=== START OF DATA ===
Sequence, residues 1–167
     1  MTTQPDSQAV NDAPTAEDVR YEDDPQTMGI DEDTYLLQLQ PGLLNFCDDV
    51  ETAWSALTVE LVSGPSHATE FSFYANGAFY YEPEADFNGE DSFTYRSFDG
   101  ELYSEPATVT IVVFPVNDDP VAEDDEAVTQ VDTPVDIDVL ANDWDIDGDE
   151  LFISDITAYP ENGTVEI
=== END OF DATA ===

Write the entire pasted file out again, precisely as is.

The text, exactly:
Sequence, residues 1–167
     1  MTTQPDSQAV NDAPTAEDVR YEDDPQTMGI DEDTYLLQLQ PGLLNFCDDV
    51  ETAWSALTVE LVSGPSHATE FSFYANGAFY YEPEADFNGE DSFTYRSFDG
   101  ELYSEPATVT IVVFPVNDDP VAEDDEAVTQ VDTPVDIDVL ANDWDIDGDE
   151  LFISDITAYP ENGTVEI